The other way I have learned to think about these small acts is that they are rituals. Motifs. Reminders. The rituals locate us in time and space, especially for those moments in which we are together there. (For a synchronous Zoom meeting, we are certainly together in time and space even if we are not in the same physical room.) The rituals also give us a strong set of shared experiences that are not tasks so much as they are acknowledgments and preparations. Like a nod of recognition, or a smile at a neighbor as you go out to check the mailbox, or the greeting I used to give the folks at the pizza place where I’d get my lunchtime slice in the before-time, these are rituals. Some are small, and some are mighty. Some rituals transcend being, some concentrate being, and some do both. Rituals are both intimate and utterly transpersonal.The key, as I have learned from my friend Louis, is kavanah. That’s the Hebrew word for ritual that’s fully inhabited, fully meant, and thus fully meaningful. Kavanah is the energy coursing through our good mornings and our readys and our intro music and our farewell gifts. (Source)

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Conspiracy as Brand [...]

It seems to me that everyone has at least a few people in their online circles who are approaching issues around these events and conspiracies related to them as a brand-building process. In that case, can we really say the motivation is as simple as “confirmation bias”? Or would we be better off thinking of these dynamics around issues of personal brand-building, its incentives and disincentives? (Source)

Horror of unknowability [...]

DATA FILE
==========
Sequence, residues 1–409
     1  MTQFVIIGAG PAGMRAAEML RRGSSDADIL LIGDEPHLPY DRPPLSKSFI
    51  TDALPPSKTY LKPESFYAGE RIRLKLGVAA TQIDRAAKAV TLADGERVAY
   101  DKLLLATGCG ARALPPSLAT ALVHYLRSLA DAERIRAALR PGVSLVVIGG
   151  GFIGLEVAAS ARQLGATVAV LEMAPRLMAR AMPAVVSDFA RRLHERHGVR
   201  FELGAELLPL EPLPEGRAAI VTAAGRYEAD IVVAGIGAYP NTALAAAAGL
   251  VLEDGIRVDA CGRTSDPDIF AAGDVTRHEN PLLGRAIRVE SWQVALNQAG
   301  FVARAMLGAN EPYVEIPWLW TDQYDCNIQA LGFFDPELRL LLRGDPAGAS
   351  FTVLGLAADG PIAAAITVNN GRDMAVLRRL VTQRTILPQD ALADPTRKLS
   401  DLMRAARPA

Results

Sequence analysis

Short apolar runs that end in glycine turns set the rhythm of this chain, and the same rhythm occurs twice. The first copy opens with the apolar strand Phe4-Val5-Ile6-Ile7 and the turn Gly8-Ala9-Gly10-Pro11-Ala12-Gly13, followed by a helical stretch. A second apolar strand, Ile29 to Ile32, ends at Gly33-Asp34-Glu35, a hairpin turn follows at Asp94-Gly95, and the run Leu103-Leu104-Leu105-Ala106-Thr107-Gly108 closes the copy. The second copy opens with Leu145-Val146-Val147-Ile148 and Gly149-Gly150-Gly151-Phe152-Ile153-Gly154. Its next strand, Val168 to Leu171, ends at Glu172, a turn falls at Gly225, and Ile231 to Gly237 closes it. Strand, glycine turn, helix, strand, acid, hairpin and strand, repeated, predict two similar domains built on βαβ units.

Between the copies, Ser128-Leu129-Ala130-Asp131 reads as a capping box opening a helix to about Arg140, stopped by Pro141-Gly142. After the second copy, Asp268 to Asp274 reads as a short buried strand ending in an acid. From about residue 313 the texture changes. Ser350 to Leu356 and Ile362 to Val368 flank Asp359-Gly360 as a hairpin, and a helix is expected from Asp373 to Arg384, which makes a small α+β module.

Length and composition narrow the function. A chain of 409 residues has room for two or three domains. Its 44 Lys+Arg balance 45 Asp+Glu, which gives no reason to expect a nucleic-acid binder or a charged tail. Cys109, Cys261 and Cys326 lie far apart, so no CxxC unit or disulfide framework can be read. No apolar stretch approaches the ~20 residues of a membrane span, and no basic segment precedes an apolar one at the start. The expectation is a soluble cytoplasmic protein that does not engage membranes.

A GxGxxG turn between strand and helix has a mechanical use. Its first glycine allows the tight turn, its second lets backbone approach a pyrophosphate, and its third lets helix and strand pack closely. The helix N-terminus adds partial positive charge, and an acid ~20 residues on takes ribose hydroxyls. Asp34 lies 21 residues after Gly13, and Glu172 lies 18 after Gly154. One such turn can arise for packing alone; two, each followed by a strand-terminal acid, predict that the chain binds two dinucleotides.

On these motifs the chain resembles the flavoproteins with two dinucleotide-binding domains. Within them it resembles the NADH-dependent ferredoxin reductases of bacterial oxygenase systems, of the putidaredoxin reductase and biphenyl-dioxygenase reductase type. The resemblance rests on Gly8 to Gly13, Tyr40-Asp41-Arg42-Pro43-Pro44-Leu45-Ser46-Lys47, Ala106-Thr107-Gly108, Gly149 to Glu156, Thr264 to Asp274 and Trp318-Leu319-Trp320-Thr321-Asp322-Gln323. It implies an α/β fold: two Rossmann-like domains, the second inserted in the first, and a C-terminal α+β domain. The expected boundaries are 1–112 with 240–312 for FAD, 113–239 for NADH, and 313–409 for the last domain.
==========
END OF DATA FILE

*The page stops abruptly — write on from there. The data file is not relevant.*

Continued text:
We instinctively think that 8kun is “worse” than Facebook because its users are free to post the worst content imaginable, and because they are terribly imaginative, do. It feels like 8kun must be “worse” because its content is worse — what is permitted, and what actually is posted. But Facebook is in fact far worse, because by its nature we, as a whole, can’t even see what “Facebook” is because everyone’s feed is unique. 8kun, at least, is a knowable product. You could print it out and say, “Here is what 8kun was on December 29, 2020.” How could you ever say what Facebook is at any given moment, let alone for a given day, let alone as an omnipresent daily presence in billions of people’s lives? (Source)

Disinformation is about elites [...]

Disinformation has always been about getting elites to do things. That’s the point that so many who have looked at what percentage of ppl saw what on Facebook have missed. The public isn’t a target — it’s a vector (and it’s not the only vector). (Source)

Slack Is the Right Tool for the Wrong Way to Work [...]

Though Slack improved the areas where e-mail was lacking in an age of high message volume, it simultaneously amplified the rate at which this interaction occurs. Data gathered by the software firm RescueTime estimate that employees who use Slack check communications tools more frequently than non-users, accessing them once every five minutes on average—an absurdly high rate of interruption. Neuroscientists and psychologists teach us that our attention is fundamentally single-tasked, and switching it from one target to another is detrimental to productivity. We’re simply not wired to monitor an ongoing stream of unpredictable communication at the same time that we’re trying to also finish actual work. E-mail introduced this problem of communication-driven distraction, but Slack pushed it to a new extreme. We both love and hate Slack because this company built the right tool for the wrong way to work. (Source)